Week of August 13, 2001
Editor's Choice Web Pick
A Real Estate Dot-Com
. . . Maybe
By JACK LYNE
Real estate's deep dot-com dead pool includes players once considered paragons of promise: Comro.com, OurBuilding.com, RealEstate.com and RedBricks, to name but a few. All gone, finis , kaput .
So we decided to take a look at a real estate dot-com that, ostensibly, seems to be flourishing, HomeStore.com (www.homestore.com).
The residential market, of course, is distinctly different from the commercial sector that's our usual focus. But perhaps, we thought, there might be something to be learned from a real estate dot-com that could. So we went looking for it at HomeStore.com.
After all, the site has demonstrated head-turning dominance in residential cyberspace. A few facts:
Alliances AplentyThe first thing that grabs you here is the very broad spectrum covered by the suite of sites under the HomeStore umbrella.
There are click-offs for (take a deep breath, please) buying and selling a house; financing and insuring a house; decorating a house; caring for lawn and garden; buying home appliances and electronics; moving; or finding an apartment or a rental house (another breath, please). And then there's a section simply labeled "shopping," which spans everything from bedroom and bathroom, to flowers and gifts, to pet supplies, to security systems.
Behind that inordinately broad range is a key element of HomeStore's strategy: its myriad alliances. The company has cut deals, most wholly or partially financed by HomeStore stock, with an expansive range of major-league players. Its partners includes the American Institute of Architects, AOL Time Warner, Bank of America, Broker Gold, Budget Truck Rental, GMAC, Kodak, the National Assn. of Home Builders, the National Assn. of Realtors (NAR) and Norwest Mortgage.
Acquisitions Gobble Up CompetitorsHomeStore's broad menu also reflects its aggressive acquisition strategy.
Earlier this month, it announced a $150 million stock and cash transaction to acquire iPlace, which provides consumer credit and real estate information.
In addition, the U.S. Justice Dept. recently concluded its investigation and okayed HomeStore's $890 million acquisition of Cendant. That gave HomeStore 40-year exclusive listing agreements with Century 21, Coldwell Banker and ERA. The three collectively account for some 25 percent of U.S. agents, who tally an estimated one-third of all U.S. residential transactions.
The Cendant buy also strengthens HomeStore's rental position. The deal gave it Move.com, as well as seven-year pacts with NRT and Rent.net, two prominent online rental players.
Complementing Existing ProcessesThe likely key in HomeStore's successful strategy has been its focus on complementing, rather than trying to remake, residential real estate. It's consistently pitched itself as the realtor's friend. HomeStore, in fact, acquired NAR's Realtor.com in 1996 in exchange for 4 percent of its stock.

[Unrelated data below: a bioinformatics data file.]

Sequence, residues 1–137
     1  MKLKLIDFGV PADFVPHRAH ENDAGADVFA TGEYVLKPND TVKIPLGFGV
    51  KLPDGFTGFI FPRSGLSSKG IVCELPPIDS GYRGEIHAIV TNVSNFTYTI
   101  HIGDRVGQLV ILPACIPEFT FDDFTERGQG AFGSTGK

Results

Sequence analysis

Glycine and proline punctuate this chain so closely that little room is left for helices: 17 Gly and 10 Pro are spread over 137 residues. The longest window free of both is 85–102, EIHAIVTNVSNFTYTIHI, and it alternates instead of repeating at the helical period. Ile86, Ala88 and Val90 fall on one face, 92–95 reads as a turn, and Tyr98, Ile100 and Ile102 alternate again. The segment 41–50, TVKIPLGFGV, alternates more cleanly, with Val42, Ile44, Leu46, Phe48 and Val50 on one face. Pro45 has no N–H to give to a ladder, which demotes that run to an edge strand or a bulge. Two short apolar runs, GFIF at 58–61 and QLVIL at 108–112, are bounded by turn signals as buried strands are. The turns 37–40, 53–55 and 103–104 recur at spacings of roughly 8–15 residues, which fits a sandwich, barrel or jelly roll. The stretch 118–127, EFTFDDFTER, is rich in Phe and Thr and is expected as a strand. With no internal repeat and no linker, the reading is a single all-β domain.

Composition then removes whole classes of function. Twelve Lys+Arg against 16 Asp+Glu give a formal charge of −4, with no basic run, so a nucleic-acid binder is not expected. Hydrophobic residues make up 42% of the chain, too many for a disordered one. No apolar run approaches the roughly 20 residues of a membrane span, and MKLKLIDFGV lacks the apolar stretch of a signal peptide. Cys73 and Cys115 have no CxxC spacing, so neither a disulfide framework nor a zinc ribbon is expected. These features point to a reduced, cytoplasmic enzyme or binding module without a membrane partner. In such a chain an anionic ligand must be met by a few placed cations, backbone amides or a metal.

Then there's HomeStore's modest technological niche, distributing information over the Internet. That's exponentially simpler than the commercial sector's ambitious efforts to move much of the transaction process online. On the other hand, distributing information is something the Net does exceptionally well.
HomeStore has also attracted users with content that would be inconceivable on the commercial side.
Its home page, for example, has a "Celebrity Homes" section, with headlines like "Courtney Cox Arquette Buys Beach House" and "For Sale: Tom Arnold's Beverly Hills Home." Also on the home page are links to how-to features including "Can You Doggy-Proof Your Lawn?"
It's lightweight content that's not exactly integral to those "paradigm shifts" now embedded in the corporate real estate lexicon. It is, however, content that will appeal to many Web-surfing home hunters.
Other user-friendly home-page features include online calculators for figuring your mortgage payments, deciding whether to buy or to rent, comparing U.S. cities' cost of living, and figuring out how much house you can afford.
Trouble in Paradise?What to make of all this vis-à-vis commercial real estate?
One obvious thing is the power of alliances and acquisitions. Some powerful commercial alliances are already shaping up, most notably Constellation Real Technologies, Office Technology Consortium and the Project Octane Alliance. Those three alliances collectively own or manage some 2.4 billion sq. ft. (223 million sq. m.). The competitive shakeout between them could shape who dominates the online commercial sector - brokers, owners or tenants.
HomeStore's history also contains a cautionary tale. HomeStore was only able to take over Realtor.com because NAR was losing money on the site.
And perhaps there's another cautionary note here: There may be trouble in HomeStore's online paradise, some of it due to the company's stock-payment strategy.
When AOL, for example, designated HomeStore as the exclusive provider of home and moving services to its customers, AOL got a guarantee that HomeStore's stock would hit $68.50 by the agreement's third, fourth and fifth year. If it doesn't, HomeStore owes AOL the difference. Right now, the stock is less than a third of $68.50.
Finally, there are realtor grumblings over HomeStore's prices. Much of that discord stems from HomeStore's awkward position from its NAR deal: Its biggest shareholder is its biggest customer. Fumes one realtor online at Realty Times , "Some of my fellow realtors would say that HomeStore is already running a sex shop of sorts because they're screwing us with their overpriced virtual tours. . . . If the realtors take their listings and go home, what reason would there be for anyone to visit Realtor.com?"
Well, nobody ever said that online real estate was going to be easy. That's good, because it isn't and it won't be.